Retail innovation factfile: Google store, Currys PC World
Retail innovation factfile: What is it?
This is Google’s first experiential store, which opened on London’s Tottenham Court Road in March 2015. It has since opened two more spaces in London, in Fulham and in the Lakeside Retail Park in Essex. Both of these are also in Currys PC World stores.
The Google spaces exists to show customers that Google offers more than search. Its tablets, smartphones and Chromecast products are on display, and visitors are encouraged to experiment with its Google Play platform. Customers are encouraged to learn more about the brand’s offerings by playing and exploring. The whole experience is fun and very relaxed.
In 2011, Google launched its ‘Chromezone’ in this store. This was a small concession that introduced customers to its Chromebooks, after the company learnt that 80% of laptop sales took place in physical shops. This new space sells Chromebooks but also engages customers on a new level.
Free 20-minute appointments are also available – these can be booked online.
The store provides space for events and classes, too. These are a mix of functional sessions (eg the benefits of using a Chromecast, how to get the most from Google Apps for Business) and inspiring sessions that communicate key Google values (‘The Art of Experimenting’ and music making using a Makey Makey and gummy bears).
Look at the list of upcoming events here.
Retail innovation factfile: Why is it worth visiting?
This space taps into one of the most important retail trends by focussing on building relationships with customers, rather than selling direct. Items for sale are on display, but the real stars of the space are its digital graffiti wall, its large-scale Google Maps interface, its Google Play demo space and interactive window.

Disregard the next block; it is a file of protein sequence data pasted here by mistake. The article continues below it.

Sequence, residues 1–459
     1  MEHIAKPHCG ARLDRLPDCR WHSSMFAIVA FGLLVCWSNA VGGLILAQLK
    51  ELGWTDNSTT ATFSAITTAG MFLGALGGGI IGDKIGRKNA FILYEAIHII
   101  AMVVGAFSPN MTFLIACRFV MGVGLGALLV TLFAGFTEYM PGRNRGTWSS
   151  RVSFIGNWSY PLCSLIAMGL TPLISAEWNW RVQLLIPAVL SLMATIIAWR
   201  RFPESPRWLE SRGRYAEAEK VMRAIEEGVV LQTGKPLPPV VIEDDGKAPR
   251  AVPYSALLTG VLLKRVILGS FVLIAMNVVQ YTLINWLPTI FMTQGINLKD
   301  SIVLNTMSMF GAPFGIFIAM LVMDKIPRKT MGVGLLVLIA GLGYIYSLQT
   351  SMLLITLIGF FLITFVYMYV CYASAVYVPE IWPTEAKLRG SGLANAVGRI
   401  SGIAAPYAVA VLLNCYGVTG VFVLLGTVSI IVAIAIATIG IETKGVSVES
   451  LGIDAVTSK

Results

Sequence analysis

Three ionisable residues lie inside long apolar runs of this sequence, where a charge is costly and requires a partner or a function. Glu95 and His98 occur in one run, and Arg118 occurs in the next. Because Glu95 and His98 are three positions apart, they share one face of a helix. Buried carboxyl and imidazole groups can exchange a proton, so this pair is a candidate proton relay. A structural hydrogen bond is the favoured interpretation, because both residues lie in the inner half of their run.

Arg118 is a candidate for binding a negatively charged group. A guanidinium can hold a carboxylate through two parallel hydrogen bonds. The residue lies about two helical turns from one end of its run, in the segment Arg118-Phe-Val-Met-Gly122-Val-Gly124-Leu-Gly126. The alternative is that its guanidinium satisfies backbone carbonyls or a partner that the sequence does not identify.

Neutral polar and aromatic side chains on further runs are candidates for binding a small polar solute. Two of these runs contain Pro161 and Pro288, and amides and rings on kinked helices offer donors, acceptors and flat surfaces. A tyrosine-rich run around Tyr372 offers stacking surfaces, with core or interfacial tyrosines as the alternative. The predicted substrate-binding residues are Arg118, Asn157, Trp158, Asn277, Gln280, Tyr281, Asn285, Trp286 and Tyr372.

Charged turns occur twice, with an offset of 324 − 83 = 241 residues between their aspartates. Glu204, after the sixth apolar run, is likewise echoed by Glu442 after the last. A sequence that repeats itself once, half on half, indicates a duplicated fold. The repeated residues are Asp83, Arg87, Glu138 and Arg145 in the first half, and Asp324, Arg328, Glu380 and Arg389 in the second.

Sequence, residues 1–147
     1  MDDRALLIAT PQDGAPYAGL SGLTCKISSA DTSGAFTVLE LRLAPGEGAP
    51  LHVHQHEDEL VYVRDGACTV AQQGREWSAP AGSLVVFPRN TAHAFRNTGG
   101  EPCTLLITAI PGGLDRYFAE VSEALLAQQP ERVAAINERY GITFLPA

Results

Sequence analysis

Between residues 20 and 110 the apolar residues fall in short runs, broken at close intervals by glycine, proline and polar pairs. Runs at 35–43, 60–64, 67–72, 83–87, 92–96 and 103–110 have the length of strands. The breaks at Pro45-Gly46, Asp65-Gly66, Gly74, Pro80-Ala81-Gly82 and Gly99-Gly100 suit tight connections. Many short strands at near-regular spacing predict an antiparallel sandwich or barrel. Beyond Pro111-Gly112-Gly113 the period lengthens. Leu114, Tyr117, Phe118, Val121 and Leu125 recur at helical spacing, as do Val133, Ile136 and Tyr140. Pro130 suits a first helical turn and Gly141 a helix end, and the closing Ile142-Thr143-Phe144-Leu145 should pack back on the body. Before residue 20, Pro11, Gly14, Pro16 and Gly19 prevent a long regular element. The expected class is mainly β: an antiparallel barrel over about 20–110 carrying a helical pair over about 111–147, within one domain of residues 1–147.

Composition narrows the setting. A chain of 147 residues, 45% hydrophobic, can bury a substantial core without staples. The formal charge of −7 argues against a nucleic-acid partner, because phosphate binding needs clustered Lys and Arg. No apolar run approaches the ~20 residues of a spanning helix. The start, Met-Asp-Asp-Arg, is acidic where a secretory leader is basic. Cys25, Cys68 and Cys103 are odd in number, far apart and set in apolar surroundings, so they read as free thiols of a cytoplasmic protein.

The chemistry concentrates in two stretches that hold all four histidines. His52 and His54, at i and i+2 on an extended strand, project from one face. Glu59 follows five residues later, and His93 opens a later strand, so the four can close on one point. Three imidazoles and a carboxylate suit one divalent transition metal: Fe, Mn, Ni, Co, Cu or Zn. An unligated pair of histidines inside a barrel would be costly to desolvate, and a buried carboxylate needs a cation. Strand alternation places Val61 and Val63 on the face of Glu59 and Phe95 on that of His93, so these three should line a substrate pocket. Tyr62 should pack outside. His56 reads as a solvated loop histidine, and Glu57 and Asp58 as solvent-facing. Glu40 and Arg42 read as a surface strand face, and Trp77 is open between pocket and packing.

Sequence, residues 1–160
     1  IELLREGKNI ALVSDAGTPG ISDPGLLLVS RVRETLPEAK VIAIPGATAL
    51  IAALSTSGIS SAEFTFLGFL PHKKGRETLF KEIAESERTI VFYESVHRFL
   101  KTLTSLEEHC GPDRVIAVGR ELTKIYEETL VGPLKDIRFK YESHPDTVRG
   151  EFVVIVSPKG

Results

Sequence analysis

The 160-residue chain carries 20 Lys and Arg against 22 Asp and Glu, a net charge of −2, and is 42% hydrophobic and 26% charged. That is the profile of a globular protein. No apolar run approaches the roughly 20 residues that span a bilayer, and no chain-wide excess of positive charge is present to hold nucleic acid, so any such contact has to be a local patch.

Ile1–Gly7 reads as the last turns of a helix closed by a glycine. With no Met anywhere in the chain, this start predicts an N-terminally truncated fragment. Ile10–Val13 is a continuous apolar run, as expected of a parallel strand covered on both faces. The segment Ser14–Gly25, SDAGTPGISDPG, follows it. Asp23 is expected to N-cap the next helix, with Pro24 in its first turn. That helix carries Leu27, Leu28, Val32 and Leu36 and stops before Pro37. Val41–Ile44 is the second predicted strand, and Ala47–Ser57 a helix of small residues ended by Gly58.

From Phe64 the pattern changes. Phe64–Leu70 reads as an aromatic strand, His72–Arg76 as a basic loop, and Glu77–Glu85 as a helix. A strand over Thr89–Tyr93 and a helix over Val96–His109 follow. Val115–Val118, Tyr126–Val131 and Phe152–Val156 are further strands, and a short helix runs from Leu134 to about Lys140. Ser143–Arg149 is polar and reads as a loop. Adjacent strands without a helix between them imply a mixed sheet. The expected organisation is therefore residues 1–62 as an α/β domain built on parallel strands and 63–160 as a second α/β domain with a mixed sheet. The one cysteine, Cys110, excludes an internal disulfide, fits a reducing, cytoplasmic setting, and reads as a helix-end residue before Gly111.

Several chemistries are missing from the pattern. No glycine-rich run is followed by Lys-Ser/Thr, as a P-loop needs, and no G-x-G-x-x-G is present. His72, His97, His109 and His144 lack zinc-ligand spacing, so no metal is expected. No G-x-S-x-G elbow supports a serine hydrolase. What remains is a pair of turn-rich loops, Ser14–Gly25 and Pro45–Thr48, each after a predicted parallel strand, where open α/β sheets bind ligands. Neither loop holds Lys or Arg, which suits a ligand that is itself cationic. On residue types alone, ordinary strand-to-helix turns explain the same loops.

Offline retailing is a great place to help customers discover new things. If they know what they want, they will seek it out online. If a brand wants to introduce them to something new, it makes a lot of sense to do it offline.
Whereas conventional laptops rely on their own chips and installed software, Chromebooks are primarily designed to be used whilst online, to make use of cloud applications and processing power. As they are so different to traditional laptops, customers can struggle to fully understand the concept. Therefore it makes a lot of sense to sell the Chromebooks offline, where customers can demo the product and ask staff lots of questions, rather than making them attempt the process alone online.
It’s interesting to observe that Google, the world’s number one internet brand and the brand seen as the biggest threat to offline retail, feels it needs an offline presence. If Google are doing it, surely every brand should.
Retail innovation factfile: Potential improvements
It seems strange that such an innovative company with around $50 billion in cash has decided to open a relatively small concession in a third party store. If Google wants to create a truly remarkable, world-leading store experience, this would be much easier to do in its own dedicated space, rather than in another corporation’s store.
Retail innovation factfile: Key trends
Spaces before stores
Online coming offline
Have you visited one of the Google Currys PC World Stores? What did you think?
Image showing Curry’s PCWorld in Tottenham Court Road, London by Zoer